Come for flowers! Stay for the communism! Frida Kahlo.

Does my torso look irretrievably fucked in this top?

Does my torso look irretrievably fucked in this?

Apparently, “Frida Kahlo is having a moment“. Well, I’ve got news for you New York Times….she’s been like, totes hot for evah.

Cos she was, like, an iconoclast. And that’s of course because her art portrayed a heady combination of politics, beauty and feminist modernism, emblematic of Mexico’s coming of age following its bloody civil war.

But she did something else too, something that marks her as a product of her time more than just the flowery riots of colour. Frida was a Not-Disabled artist.

Make no mistake, Frida Kahlo was irretrievably fucked. She’d suffered both polio and a catastrophic bus crash that had left her more or less filleted. And yet, rather than fight for exceptionalism, she incorporated these physical shortcomings into the image of herself. Frida Kahlo turned herself into an artwork; haughty, broken, bitter but strong, the perfect medium for aesthetic representation, and a wonderful metaphor for the new Mexico itself.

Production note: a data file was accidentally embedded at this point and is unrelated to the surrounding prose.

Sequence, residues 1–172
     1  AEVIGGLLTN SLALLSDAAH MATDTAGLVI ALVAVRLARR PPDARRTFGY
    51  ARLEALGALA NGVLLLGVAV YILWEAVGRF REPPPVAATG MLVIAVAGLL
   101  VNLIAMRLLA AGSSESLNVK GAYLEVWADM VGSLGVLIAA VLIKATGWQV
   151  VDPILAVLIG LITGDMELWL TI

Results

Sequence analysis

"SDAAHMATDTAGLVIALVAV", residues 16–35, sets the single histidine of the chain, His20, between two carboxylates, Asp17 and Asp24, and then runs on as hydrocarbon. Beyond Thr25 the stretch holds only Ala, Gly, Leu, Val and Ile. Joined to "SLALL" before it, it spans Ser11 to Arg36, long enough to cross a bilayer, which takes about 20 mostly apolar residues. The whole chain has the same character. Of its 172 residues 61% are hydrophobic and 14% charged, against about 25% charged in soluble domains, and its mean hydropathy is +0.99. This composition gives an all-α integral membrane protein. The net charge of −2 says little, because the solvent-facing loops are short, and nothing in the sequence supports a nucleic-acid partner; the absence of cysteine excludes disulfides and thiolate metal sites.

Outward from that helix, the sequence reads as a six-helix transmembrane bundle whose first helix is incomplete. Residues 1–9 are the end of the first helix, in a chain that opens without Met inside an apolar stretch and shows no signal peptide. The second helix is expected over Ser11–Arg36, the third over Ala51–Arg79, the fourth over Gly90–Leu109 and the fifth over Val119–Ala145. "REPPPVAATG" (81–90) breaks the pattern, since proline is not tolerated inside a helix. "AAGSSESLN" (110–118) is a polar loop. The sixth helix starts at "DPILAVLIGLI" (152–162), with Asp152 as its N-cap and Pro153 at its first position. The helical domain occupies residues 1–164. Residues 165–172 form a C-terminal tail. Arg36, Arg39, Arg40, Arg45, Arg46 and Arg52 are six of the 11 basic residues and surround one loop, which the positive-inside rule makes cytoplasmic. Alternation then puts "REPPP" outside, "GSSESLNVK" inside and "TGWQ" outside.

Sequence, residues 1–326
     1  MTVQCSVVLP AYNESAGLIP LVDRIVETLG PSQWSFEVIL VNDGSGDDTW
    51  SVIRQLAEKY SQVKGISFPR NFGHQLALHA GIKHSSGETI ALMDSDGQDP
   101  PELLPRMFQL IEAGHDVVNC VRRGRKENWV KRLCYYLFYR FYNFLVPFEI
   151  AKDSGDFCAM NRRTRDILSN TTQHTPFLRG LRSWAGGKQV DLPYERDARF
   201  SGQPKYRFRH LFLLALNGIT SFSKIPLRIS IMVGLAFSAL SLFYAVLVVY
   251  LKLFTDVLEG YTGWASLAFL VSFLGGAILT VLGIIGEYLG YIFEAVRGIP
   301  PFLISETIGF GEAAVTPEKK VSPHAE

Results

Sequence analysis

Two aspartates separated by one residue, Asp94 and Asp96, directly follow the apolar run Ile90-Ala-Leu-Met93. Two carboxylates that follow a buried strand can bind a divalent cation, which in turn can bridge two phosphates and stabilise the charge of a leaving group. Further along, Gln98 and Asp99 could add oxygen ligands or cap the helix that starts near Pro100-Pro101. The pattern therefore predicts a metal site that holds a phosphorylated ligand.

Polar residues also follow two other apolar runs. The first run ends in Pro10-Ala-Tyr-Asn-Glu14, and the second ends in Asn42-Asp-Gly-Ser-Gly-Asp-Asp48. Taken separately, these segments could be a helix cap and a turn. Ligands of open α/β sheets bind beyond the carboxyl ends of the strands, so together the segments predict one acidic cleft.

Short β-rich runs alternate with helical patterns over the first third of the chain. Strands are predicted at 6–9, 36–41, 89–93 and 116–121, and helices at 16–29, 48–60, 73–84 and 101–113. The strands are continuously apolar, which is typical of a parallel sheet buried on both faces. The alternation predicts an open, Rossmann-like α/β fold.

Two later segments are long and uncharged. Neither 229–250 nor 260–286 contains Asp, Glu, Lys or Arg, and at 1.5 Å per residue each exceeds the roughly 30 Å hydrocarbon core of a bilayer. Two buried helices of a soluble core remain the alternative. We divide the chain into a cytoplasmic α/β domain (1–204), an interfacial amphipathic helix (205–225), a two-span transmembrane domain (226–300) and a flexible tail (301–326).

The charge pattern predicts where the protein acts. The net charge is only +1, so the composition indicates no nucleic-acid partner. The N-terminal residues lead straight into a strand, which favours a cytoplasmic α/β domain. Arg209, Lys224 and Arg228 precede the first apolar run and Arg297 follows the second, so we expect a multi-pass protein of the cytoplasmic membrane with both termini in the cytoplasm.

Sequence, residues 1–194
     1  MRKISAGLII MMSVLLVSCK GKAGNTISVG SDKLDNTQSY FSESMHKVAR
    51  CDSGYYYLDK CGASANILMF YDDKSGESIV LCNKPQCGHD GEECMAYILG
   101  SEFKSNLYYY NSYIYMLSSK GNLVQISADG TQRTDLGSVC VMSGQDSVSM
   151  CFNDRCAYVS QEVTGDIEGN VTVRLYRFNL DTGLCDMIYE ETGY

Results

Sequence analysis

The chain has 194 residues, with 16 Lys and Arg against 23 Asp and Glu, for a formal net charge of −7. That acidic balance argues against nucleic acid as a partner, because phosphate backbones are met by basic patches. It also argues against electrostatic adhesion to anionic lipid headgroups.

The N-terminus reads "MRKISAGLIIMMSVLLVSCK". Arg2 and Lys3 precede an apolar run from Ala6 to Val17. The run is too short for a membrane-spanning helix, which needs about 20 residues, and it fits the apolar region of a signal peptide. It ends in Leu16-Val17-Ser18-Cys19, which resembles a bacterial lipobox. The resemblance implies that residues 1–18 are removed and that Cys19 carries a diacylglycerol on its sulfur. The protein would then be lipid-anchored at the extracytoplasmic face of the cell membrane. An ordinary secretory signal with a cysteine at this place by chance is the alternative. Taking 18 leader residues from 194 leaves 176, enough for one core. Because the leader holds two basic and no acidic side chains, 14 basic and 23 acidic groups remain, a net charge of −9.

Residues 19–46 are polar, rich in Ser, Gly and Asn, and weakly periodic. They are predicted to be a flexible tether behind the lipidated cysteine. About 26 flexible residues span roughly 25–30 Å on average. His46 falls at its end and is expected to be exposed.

Yet how many times have you heard Frida Kahlo described as a ‘disabled artist’?

Actually, when I think about it, perhaps the most meaningful contribution Kahlo’s disability made to her life was killing her before she got old and ugly, a fate that would surely have condemned her to present day obscurity. Instead, she died young and fucking, a downright blessing for her current cohort of fans – an army of vapid thirty-something lightweight feminists from ‘Melbs’ who keep themselves busy posting wonkily rendered lino-cuts of her monobrow on Instagram;

#Frida XX.

For them, Frida (for they are on first name terms) is the ultimate hipster pin-up girl. She represents both flamboyance and restrained austerity: embracing florrid, flowing skirts whilst economising on peasant blouses and eyebrows. Oh yeah, and she was, like, political too. Frida evokes a kind of inertly feminine political rebelliousness, one that sits well with the nominally counter-culture, individualistic fashions favoured by the dark-denim, kombucha and apartment cactus set.

Frida Kahlo has been seamlessly incorporated into the Gen-Y branding machine in a way she never could if she were alive today, where she’d no doubt be the subject of the warts-and-all media drip-feed detailing a banal life spent gulping painkillers and leaking into stiffening sheets beneath a halo of summertime flies.

Come for the lino-cut, stay for the communism.

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